There were hard lessons learning how to choose, screen, and train affective volunteers. And we have had to get through compassion fatigue and sorrow over losing our beloved animals and not being able to save them all.

But with each struggle came the answers and implementation of newer procedures and ideas to overcome and keep going.

 

OPS: We can imagine how tough that must be. Have you always been interested in animal welfare. If not, what was the turning point for you?

 

E: I have always loved animals since I was very young. I remember sitting in the woods with wild bunnies at three years old, sloshing around in the lakes with the ducks and turtles as my friends at seven, and going vegetarian at eleven when I held a chicken. I have always seen them as my teachers, healers, and friends and was always amazed when others were not.

 

OPS: What’s the best thing about your work? What do you enjoy most?

 

E: The best thing about my work is when I get to take new, injured, broken, defeated animals and breath the life back into them. I talk to them and hear their stories. I sing to them, read out loud to them, and spend hours holding them. Seeing the joy come back into their eyes, the life come back into their bodies, and see them making friends and having fun always takes my breath away.

Helping others with their animals also brings so much satisfaction to me. Being an animal communicator and giving animals a voice, listening to what they need, want and feel and then helping their people make a plan to help the animal feel better is so satisfying as well!

The Gentle Barn Interview with Founder Ellie Laks

OPS: Have you learned any interesting lessons throughout your journey?

 

E: I have learned to trust my instincts. I have learned to practice self-care. And I have learned that though we all may look different, we are all the same.

 

OPS: Describe what an average day looks like for you.

 

E: I typically start my days at six feeding and cleaning up after our animals. Once they are all taken care of, I spend a few hours doing animal communication readings for other people. Then I usually host a tour or “Cow Hug Therapy session” for guests who come from around the world. Then I get to write blogs and articles, train and oversee staff, oversee the care and treatment of our animals, visit with veterinarians, acupuncturists, massage therapists, and energy workers, and end the day feeding everyone dinner and tucking them all into bed. I go to sleep at about ten or eleven.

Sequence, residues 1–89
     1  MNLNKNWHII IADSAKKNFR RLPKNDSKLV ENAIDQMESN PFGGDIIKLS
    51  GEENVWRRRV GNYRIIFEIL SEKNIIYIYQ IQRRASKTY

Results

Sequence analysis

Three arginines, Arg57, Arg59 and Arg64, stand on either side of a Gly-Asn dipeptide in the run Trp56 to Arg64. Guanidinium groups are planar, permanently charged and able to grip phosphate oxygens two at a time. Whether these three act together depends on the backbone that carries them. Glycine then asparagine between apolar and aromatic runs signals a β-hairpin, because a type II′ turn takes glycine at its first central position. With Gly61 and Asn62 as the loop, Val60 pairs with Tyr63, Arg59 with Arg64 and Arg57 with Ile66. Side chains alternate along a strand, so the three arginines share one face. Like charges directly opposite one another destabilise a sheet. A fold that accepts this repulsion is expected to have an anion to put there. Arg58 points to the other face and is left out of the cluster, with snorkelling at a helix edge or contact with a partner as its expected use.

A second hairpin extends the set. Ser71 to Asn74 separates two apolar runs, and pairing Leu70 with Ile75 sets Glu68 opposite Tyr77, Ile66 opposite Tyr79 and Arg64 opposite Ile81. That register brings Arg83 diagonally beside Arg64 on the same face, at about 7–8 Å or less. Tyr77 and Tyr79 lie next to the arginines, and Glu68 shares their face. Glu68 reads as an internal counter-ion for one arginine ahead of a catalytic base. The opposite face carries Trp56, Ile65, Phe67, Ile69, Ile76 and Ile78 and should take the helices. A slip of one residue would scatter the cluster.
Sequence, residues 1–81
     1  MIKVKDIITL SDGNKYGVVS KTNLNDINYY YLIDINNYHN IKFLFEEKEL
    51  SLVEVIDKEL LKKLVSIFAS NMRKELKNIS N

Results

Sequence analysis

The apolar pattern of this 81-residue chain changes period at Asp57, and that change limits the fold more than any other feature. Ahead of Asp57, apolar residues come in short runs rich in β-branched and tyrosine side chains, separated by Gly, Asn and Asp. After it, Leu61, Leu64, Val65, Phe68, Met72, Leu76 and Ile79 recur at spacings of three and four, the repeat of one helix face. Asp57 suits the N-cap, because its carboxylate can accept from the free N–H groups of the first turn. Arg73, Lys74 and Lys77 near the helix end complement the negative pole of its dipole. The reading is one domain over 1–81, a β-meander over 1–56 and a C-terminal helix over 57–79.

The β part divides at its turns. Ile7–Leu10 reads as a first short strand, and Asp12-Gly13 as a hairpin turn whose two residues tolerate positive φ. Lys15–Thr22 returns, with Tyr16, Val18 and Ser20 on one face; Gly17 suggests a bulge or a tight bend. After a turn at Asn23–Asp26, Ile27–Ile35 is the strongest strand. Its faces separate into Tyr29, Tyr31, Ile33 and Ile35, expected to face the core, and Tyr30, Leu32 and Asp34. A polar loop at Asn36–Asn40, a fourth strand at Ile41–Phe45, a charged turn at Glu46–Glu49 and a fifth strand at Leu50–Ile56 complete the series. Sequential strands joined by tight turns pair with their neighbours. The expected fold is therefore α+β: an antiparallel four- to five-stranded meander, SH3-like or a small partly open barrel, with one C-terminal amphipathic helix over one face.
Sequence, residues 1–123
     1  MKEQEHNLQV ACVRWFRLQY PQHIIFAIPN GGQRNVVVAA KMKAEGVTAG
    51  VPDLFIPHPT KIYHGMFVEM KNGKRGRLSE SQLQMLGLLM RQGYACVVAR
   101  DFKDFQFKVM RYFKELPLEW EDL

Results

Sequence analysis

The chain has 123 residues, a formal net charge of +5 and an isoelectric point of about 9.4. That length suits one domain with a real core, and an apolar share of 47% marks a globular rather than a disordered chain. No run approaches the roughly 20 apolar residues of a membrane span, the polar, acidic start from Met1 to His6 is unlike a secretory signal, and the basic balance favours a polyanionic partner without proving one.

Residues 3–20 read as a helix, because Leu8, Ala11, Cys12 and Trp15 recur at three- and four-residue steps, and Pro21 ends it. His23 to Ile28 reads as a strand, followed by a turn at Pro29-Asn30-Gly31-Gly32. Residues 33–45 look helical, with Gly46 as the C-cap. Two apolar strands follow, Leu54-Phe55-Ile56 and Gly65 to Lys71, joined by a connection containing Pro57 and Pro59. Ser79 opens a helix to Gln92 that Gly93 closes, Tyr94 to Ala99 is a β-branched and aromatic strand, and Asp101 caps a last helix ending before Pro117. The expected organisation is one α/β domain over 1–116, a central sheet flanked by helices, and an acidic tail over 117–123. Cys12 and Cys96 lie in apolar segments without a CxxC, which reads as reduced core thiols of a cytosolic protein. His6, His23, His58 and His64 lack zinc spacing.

OPS: What’s the best thing about your work? What do you enjoy most?

 

E: The best thing about my work is when I get to take new, injured, broken, defeated animals and breath the life back into them. I talk to them and hear their stories. I sing to them, read out loud to them, and spend hours holding them. Seeing the joy come back into their eyes, the life come back into their bodies, and see them making friends and having fun always takes my breath away.

Helping others with their animals also brings so much satisfaction to me. Being an animal communicator and giving animals a voice, listening to what they need, want and feel and then helping their people make a plan to help the animal feel better is so satisfying as well!

 

OPS: Have you learned any interesting lessons throughout your journey?

 

E: I have learned to trust my instincts. I have learned to practice self-care. And I have learned that though we all may look different, we are all the same.

 

OPS: What advice would you give to anybody who wants to follow in your footsteps?

 

E: Never give up or take “no” for an answer. Trust in yourself and in your vision. Know what your vision is and why you want your dream and then have faith that the how will find you.

 

OPS: How can we get involved or help you with the amazing work you do?

 

E: We can only save and heal animals with the communities help and support. You can go to www.gentlebarn.org and donate or sponsor an animal and get monthly updates and new pictures of how they are doing. Please follow us on social media! And come hug a cow and fall in love!

www.gentlebarn.org

@thegentlebarn

www.ellielaks.org

@ellielaks


Read the rest of our March issue here MARCH 2021 Online Personal Stylist magazine